What we’re seeing with voice today is they talk about this idea of moving back to orality or the second orality, so the oral communication, and this idea of conversation again. So the important thing for brands, and this is where I spend a lot of my time working with big global brands, because they reach out to me all the time and ask what the meaning is, and I say, “Well, first of all, you have a very tactical response to this. We know that consumers are engaging in large numbers on Google Assistant, with Amazon Alexa with Apple Siri. So the question is, do you have a presence there? Are you able to engage with them when they have a question about your brand or your product category, for example, and they ask one of these assistants? Are you an answer or is someone else answering for you about your brand?” And largely that’s the case. We’ve done a lot of research on, for example, voice assistant SEO. If you ask a question about 200 different brands that we analyzed, most often these questions are being answered by Wikipedia or maybe some other resources on the web, Yelp, can they engage in that conversation? Can they control the messaging about themselves when people ask specifically about their brand?
We know that consumers are engaging in large numbers on Google Assistant, with Amazon Alexa with Apple Siri. So the question is, do you have a presence there?
And to large part today, they’re not. And the opportunity for them is to say, “Okay, yes, we must do this.” So I think of it as a competitive necessity for them to have presence on the platforms and spend time or places where people are. Now over time, I believe that will evolve as well, and that they will not only be working on these platforms, but like Bank of America for example, they’ll have their own voice assistants out there in the market, or Mercedes-Benz with the MBUX. BMW is doing the same type of thing, and they want to have their own voice assistant as the primary interface for the things that are important to them so they can provide a better user experience primarily and then it will also communicate with these other consumer voice assistants. So they’ll be able to use those consumer voice assistants as a client of their own AI voice assistant conversational backend, and they’ll also be able to use it as a funneling tool to take people to their other properties, whether it be their other voice assistant, their mobile app, their website, but where they can create the rounded experience, the interactive experience they want to have with their consumers.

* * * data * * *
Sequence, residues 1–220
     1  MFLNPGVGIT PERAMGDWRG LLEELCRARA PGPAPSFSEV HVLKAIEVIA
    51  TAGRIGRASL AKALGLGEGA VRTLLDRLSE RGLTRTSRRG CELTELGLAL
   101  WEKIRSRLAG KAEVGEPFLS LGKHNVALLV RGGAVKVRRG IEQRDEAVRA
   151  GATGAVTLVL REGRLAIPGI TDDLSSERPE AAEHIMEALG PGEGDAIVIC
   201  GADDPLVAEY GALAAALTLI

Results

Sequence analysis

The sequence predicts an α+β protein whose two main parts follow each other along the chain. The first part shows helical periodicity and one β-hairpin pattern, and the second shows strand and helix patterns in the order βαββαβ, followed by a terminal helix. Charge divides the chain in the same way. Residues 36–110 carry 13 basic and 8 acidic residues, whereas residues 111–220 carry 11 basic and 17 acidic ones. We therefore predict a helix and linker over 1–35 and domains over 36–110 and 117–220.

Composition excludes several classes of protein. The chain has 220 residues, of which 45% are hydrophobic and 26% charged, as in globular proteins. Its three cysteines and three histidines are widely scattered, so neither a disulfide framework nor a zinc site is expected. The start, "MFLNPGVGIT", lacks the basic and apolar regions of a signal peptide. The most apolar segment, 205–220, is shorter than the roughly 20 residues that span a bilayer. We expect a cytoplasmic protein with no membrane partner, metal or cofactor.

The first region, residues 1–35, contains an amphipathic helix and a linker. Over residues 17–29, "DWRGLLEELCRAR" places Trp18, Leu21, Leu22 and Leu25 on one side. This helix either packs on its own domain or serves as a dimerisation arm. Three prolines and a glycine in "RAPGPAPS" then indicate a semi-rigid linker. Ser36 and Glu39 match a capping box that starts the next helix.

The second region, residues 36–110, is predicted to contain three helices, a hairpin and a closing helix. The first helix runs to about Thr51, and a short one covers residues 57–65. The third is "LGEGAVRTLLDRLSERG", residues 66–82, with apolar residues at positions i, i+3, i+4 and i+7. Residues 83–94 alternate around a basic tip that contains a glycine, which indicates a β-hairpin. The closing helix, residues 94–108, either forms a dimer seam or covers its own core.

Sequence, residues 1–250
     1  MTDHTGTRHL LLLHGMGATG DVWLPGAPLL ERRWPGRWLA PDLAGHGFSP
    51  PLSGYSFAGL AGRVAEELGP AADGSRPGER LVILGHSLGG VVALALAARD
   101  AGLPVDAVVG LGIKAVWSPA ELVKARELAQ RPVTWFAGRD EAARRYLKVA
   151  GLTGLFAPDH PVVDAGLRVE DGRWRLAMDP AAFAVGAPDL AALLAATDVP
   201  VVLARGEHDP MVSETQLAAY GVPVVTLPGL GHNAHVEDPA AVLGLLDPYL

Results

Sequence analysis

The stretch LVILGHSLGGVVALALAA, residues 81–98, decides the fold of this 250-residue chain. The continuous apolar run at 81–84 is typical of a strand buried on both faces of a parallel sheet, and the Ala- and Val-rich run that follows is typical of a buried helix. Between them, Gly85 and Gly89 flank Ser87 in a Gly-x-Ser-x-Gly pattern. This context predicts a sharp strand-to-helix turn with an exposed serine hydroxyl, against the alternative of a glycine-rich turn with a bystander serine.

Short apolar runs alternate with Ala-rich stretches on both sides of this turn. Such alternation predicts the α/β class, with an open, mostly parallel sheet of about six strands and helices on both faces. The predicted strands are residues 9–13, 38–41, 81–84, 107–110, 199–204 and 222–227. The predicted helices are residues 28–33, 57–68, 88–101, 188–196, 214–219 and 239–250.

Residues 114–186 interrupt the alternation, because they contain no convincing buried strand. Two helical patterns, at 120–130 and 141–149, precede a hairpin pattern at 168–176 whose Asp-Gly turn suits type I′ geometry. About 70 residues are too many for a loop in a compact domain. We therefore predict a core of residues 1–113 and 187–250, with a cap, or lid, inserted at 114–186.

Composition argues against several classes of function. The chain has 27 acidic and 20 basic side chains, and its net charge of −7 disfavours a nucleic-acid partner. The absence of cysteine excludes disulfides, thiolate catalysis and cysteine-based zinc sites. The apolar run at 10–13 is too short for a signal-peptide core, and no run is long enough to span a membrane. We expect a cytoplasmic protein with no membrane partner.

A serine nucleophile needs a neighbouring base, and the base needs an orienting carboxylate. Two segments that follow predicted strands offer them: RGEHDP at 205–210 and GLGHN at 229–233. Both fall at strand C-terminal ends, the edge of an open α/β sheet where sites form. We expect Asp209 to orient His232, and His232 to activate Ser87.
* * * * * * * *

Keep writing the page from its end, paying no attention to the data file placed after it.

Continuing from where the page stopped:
Paul Sephton: This big change has certainly stirred the branding side of things because just this year we’ve seen the likes of HSBC or MasterCard investing millions of dollars within their marketing strategies to develop what is called sonic branding. How do you think brands can utilize voice to better reach their audiences and what’s the best way for a brand right now to future proof themselves for this change which is coming in voice?
Bret Kinsella: Well, sonic branding is not new. It’s been around for a long time. Many people are familiar with the Intel chimes or United Airlines for a long time had Gershwin’s Rhapsody in Blue, and it’s always been beneficial, but it’s usually been part of their activity around advertising. It’d be in their television commercials or radio commercials and it was a way to create a signature that associated immediately with the brand and usually with these favorable associations. What’s happening now, since audio is becoming, once again, a bigger part of our life and conversation is becoming a bigger part of our life, audio branding is increasing in importance. Our audio brand, our sonic brand needs to be as integrated with everything we do as visual brand identity.
Our audio brand, our sonic brand needs to be as integrated with everything we do as visual brand identity.